Why do we (collectively) invent new programming languages? What's the point?
Well, I would say that each programming language really did improve on some shortcoming in predecessors, or at least that was the perception at the time. Some were more interesting than others.
Pascal is what's known as a strongly typed language. You can't assign a long integer to a short integer, even if the value is 0 or 1. The language won't let you. It's supposed to help you write better code. When you're learning to program, this is a good thing, which is why all of us at that time (late 1970's, early 1980's) were taught Pascal first.
You can contradict me, but I claim that C was invented, or at least rose to popularity, because it eliminated all the rules imposed by Pascal. You could cast one type of variable into another, essentially jamming anything you wanted into memory. Kind of like assembly language, which has no "types". C is powerful, like a chain saw or a sharp knife. And yes, people have hurt themselves with C, particularly in memory management, which is explicit (you allocate memory when you need it, and you free it up when you're done). People hurt themselves this way, and programs crash because of it.
C and Pascal are compiled languages, which generate machine code that runs native on the CPU. So you have to compile a C program separately to run on, say, an Intel CPU versus a Sun CPU, even if both are running Linux. This is both an advantage (fast performance) and a disadvantage (need to recompile) of compiled languages.
Java was perhaps the most revolutionary of all these languages, because it "fixed" many of the issues with C: it is an interpreted language (as opposed to being compiled) so it can run (theoretically) without modification on any kind of CPU. Sun marketed this as "write once, run anywhere". In reality it's more like "write many times, run nowhere", but the problems with Java in the late 90's were more that the toolkit kept changing, trying to emulate all existing operating systems. The language is intact, and it really is a nice language.
Java improved upon many other things missing/wrong in C, as well. Memory is "garbage collected" which means you don't have to worry about allocating it or disposing it, and you can't really have a memory crash bug, which is nice. Lack of control over memory can sometimes lead to performance issues, but on balance it's probably a good tradeoff.
My favorite thing in Java is actually the ability to glue strings together with the "+" operator (which can be done in C++ as well but it's more of a hack and requires an object type other than C strings). In Java you can just add strings together like:
myString = "this string " + 27 + " another string";
Java has become a web programming language, mostly because the need for a consistent toolkit across operating systems is greatly diminished. Server-side web programming in particular has been dominated, until recently, by Java.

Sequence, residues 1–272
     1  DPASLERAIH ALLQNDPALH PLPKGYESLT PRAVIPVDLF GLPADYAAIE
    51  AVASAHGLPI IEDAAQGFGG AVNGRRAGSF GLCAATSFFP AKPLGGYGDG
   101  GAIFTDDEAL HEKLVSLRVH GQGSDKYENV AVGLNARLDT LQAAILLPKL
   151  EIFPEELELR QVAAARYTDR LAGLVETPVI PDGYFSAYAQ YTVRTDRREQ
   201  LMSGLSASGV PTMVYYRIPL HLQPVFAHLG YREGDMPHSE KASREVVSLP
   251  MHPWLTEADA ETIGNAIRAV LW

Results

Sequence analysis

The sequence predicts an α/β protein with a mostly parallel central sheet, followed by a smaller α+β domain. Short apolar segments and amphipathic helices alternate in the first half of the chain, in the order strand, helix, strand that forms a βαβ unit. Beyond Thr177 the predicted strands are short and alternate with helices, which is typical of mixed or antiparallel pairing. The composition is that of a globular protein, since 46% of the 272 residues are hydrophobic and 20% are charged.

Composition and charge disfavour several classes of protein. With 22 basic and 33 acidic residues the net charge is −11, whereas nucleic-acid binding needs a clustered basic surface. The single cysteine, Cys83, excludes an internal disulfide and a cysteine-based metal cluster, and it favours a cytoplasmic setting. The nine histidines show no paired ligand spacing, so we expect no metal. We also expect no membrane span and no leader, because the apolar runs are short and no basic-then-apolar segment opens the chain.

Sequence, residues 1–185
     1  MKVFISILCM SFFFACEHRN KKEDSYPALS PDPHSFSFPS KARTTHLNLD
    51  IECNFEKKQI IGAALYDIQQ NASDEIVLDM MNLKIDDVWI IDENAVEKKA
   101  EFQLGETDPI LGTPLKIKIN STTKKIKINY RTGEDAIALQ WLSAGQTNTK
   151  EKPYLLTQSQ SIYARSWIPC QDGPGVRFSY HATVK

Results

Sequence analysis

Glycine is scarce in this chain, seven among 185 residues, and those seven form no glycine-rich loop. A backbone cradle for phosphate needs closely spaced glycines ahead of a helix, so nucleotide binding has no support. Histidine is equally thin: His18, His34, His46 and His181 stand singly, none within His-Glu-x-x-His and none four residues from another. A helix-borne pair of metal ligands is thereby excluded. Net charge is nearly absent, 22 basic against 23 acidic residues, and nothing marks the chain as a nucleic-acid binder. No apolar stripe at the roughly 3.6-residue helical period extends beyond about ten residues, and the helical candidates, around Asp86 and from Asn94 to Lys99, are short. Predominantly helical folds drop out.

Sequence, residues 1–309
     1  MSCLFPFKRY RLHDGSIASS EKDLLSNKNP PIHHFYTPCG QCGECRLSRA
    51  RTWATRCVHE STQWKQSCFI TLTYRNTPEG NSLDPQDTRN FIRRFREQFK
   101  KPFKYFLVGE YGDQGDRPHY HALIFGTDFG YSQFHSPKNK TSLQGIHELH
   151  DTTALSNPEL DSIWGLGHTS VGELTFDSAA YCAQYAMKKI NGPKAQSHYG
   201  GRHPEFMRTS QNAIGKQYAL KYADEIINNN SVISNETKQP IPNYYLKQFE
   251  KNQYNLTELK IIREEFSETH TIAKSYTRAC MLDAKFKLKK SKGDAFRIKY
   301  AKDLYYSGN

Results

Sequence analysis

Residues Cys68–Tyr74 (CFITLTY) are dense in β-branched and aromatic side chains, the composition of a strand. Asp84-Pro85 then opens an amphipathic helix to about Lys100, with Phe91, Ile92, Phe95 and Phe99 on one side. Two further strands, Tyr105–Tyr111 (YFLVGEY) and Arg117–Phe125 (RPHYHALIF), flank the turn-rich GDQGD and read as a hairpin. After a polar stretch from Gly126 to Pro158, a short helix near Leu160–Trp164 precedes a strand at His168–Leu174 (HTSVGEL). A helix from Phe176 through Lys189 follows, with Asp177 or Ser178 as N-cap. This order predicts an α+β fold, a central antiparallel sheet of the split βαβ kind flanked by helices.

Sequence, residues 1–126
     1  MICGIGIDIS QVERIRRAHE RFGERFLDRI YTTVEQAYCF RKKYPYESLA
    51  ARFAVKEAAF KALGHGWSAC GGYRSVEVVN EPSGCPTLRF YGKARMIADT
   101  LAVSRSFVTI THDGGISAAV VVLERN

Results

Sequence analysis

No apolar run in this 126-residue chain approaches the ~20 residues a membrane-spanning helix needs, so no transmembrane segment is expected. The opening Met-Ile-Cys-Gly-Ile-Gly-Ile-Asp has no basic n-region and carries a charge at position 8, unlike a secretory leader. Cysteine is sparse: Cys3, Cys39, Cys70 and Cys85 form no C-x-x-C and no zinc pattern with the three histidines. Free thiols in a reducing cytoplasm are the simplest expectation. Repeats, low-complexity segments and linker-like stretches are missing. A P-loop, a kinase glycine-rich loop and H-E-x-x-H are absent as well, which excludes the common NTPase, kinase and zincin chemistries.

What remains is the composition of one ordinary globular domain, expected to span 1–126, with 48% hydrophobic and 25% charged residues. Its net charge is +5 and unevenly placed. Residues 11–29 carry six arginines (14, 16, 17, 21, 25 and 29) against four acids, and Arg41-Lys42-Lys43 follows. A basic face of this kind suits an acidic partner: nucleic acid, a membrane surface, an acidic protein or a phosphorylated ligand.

Now there is PHP and Ruby and other interpreted languages designed specifically for server-side web programming. PHP is the most innovative of these, since it can live in harmony with HTML code in which it's embedded, which is a peculiarity of web programming.
Sorry about all the historical perspective here. I really was starting out to make a point. So here it is...
Programming languages are just tools, means to an end. Depending on what problem you're trying to solve, you may be able to choose from quite a few different languages. This is a Good Thing.
But when I eavesdrop at conventions and in coffee shops and I hear young kids talking about programming languages, what I hear most is, "I learned it over the weekend" or something along those lines. Ease of learning is not a good reason to use a programming language, in my opinion. Balsa wood is "easy to learn" when you're woodworking because it's soft and you can cut it with a pair of scissors. It turns out not to be such a good wood for, say, building a dresser or a bed.
What I observe is that the craft of software programming is being polluted by throngs of young people who are able to "pick up" a programming language and "hack something together" and it sort of works, because CPU's are so blindingly fast and the safety of interpreted languages with memory garbage collection means you don't really ever have to learn any Computer Science to make things work.
But the skill and the judgement of choosing the right tools and materials to build the best possible software are disappearing rapidly, in the same sort of way that house-building has turned into a profession of stapling pre-formed lumber together, and is a profession, when 150 years ago almost everyone knew how to build their own house, could cut and square timbers, and built houses that lasted many, many generations. Those skills and knowledge of materials are disappearing, too, along with the actual lumber, come to think of it.
Maybe nobody "needs" to know the difference between an 8-bit char data type and a 64-bit long integer, and maybe there's value in snap-together software. But I have a feeling that when we get to the point where everything is built out of Legos--houses, software, cars, everything--we will wish they still taught Industrial Arts and Programming in junior high school.